Can I Continue to Pay Into a Retirement Account Under Chapter 13?
Nov. 15, 2023
If you have worked hard for decades to pay into your retirement accounts, including 401(k) and IRA, you might be worried about what could happen to these accounts if you file for bankruptcy. Another question that may arise when someone who has accumulated significant retirement funds files for bankruptcy is, “Can I continue to make contributions to my retirement accounts if I file for bankruptcy under Chapter 13?”
Understandably, you do not want your bankruptcy to offset your long-term financial health, which is why you may be interested in continuing to pay into your retirement accounts while making payments under your repayment plan. The attorney at The Law Offices of David K. Blazek, P.C., can explain how bankruptcy affects your retirement accounts and whether it would be wise to continue making contributions to your retirement accounts during your repayment plan. The law firm has an office in Tampa, Florida, but serves clients in the surrounding area, including Jacksonville, Orlando, and Miami, as well as communities in Georgia, including Atlanta, Columbus, and Macon.
Are Retirement Accounts Protected in Chapter 13 Bankruptcy?
Yes, most of the debtor’s retirement funds, including 401(k) and IRA, are protected from creditors and are not accessible to the trustee assigned to your bankruptcy case once you file under Chapter 13. Retirement accounts are protected by federal bankruptcy laws, which means it may not be a good idea to use your retirement funds to pay off debts.
Once you take money out of your retirement accounts to pay off debts, the funds may lose the protection granted by federal law. In addition, by withdrawing funds from your retirement accounts, you may be required to pay a 10% tax penalty. The penalty, in turn, may cause you to incur more debt, making your financial situation even worse.
Can You Continue Making Contributions to Retirement Accounts?
When you file for Chapter 13 bankruptcy, none of your assets are taken from you, including your retirement accounts. When proposing a repayment plan under Chapter 13, the monthly amount is determined by your income. The filer’s retirement accounts are not taken into account when determining the monthly payment unless they specifically want them to be considered.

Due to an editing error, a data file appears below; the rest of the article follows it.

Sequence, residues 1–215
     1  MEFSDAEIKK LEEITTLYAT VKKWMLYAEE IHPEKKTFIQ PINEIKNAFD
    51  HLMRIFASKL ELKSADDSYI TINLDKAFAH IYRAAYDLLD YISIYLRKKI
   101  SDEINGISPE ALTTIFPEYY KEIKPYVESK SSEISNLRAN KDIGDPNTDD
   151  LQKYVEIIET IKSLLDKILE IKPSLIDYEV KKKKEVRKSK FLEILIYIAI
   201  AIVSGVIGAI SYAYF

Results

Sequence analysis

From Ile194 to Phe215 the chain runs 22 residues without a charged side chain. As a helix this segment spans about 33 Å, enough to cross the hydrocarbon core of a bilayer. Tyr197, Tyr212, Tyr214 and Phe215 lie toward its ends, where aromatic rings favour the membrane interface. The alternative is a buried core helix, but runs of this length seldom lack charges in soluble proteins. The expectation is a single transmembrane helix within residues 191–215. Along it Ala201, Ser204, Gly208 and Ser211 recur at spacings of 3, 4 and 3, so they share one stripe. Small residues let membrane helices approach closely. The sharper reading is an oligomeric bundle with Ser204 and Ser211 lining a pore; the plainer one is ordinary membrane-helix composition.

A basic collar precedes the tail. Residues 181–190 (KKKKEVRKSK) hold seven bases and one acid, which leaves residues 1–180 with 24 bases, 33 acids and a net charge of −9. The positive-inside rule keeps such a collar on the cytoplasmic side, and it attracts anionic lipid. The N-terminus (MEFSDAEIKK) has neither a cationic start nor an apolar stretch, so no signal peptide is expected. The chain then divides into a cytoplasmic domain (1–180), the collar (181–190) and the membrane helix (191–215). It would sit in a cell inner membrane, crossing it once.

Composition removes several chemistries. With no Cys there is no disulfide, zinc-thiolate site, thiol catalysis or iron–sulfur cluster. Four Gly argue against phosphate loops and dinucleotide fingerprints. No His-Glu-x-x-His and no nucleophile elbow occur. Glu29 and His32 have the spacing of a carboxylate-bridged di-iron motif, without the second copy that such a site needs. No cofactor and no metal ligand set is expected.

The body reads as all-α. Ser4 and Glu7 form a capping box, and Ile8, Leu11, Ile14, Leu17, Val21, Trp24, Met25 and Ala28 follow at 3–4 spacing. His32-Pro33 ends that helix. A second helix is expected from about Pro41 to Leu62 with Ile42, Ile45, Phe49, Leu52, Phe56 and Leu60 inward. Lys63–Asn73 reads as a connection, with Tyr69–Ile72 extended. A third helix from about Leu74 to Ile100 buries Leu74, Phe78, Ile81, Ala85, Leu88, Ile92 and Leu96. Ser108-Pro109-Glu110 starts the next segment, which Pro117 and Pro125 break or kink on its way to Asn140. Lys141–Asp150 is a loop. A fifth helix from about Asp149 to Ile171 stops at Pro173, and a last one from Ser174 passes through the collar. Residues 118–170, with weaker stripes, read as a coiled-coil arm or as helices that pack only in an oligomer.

“But what about paying into my retirement accounts during my Chapter 13 bankruptcy case?” you may wonder. You need to understand that Chapter 13 bankruptcy is about repaying all, or a significant portion, of your debts over the course of three to five years. In other words, the primary goal of filing for bankruptcy under Chapter 13 is to use all of your disposable income to repay your creditors. By making voluntary contributions to your retirement accounts, you reduce the amount of money your creditors will receive under the repayment plan.
Any voluntary contributions to your retirement accounts while repaying your debts under Chapter 13 bankruptcy may be deemed unreasonable by the bankruptcy trustee or court. However, there may be exceptions to the general rule. For example, if the person who filed for bankruptcy under Chapter 13 keeps their expenses as low as possible and is nearing retirement, the court may allow them to make certain contributions to their retirement accounts to improve their retirement outcome. Another exception is when an employer requires their employee, who filed for bankruptcy, to make contributions to retirement accounts as a condition of employment.
Since everyone’s situation is different, you need to consult with an experienced attorney to understand whether or not you should continue to pay into your retirement accounts while making monthly payments to creditors under Chapter 13 bankruptcy.
Reliable Legal Advice You Can Trust
Are you considering filing for bankruptcy under Chapter 13 but do not want to jeopardize your future retirement? An attorney at The Law Offices of David K. Blazek, P.C., can listen to your concerns and explain what you can do to preserve your retirement savings while reorganizing your debt through Chapter 13 bankruptcy. Schedule a free consultation with attorney David K. Blazek to discuss your particular situation and explore your options.